When General Electric disclosed what amounts to a corporate breakup on June 26, one of the few businesses it said it wanted to retain was GE Aviation, its aircraft engine unit. The business certainly seems to be performing well. Going forward though, GE Aviation will be under increasing pressure from a resurgent Pratt & Whitney. Pratt’s geared turbofan for narrowbody jetliners is intrinsically more fuel-efficient (not to mention quieter) than GE’s new LEAP engine. And Pratt has managed to become the sole provider of engines for the Air Force’s next-generation fighters, tankers and bombers. So GE Aviation’s future might not be quite so rosy as its recent past. I have written a commentary for Forbes here.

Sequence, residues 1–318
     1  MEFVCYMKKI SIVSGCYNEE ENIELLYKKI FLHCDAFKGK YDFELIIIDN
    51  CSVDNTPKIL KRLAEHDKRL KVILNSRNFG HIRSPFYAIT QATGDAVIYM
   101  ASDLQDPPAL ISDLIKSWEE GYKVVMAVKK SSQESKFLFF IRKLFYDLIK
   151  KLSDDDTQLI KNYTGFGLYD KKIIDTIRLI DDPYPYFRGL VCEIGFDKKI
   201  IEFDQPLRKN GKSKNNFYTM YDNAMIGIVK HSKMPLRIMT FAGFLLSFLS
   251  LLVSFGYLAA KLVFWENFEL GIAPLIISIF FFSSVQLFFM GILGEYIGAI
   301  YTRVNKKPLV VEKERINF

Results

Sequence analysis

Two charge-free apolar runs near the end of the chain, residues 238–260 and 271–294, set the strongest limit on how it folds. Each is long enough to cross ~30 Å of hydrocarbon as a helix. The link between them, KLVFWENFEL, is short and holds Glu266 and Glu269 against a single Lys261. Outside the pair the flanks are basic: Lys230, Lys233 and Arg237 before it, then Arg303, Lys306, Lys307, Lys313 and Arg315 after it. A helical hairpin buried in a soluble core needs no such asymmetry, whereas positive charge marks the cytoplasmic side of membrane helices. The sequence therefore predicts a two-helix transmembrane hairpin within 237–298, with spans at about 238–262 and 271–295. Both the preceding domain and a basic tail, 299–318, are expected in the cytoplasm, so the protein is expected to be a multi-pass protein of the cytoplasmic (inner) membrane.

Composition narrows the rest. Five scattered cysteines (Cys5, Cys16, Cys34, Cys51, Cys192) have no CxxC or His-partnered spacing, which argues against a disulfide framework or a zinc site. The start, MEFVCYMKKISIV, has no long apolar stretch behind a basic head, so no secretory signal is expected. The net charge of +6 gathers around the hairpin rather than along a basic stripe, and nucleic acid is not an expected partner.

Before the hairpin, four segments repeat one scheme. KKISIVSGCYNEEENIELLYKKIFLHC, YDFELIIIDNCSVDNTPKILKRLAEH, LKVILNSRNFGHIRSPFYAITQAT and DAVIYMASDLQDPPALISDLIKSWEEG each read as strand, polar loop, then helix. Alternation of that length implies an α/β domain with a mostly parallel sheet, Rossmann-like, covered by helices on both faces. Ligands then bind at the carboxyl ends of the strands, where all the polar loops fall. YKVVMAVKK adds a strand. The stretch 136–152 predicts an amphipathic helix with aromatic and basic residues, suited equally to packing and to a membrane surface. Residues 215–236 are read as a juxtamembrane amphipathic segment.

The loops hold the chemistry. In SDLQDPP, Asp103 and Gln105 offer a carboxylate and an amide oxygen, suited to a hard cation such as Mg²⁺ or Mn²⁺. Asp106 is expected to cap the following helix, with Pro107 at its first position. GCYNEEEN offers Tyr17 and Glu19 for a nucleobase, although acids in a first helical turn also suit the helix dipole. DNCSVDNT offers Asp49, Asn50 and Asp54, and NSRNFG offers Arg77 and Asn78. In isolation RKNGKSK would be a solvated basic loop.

Find Archived Articles: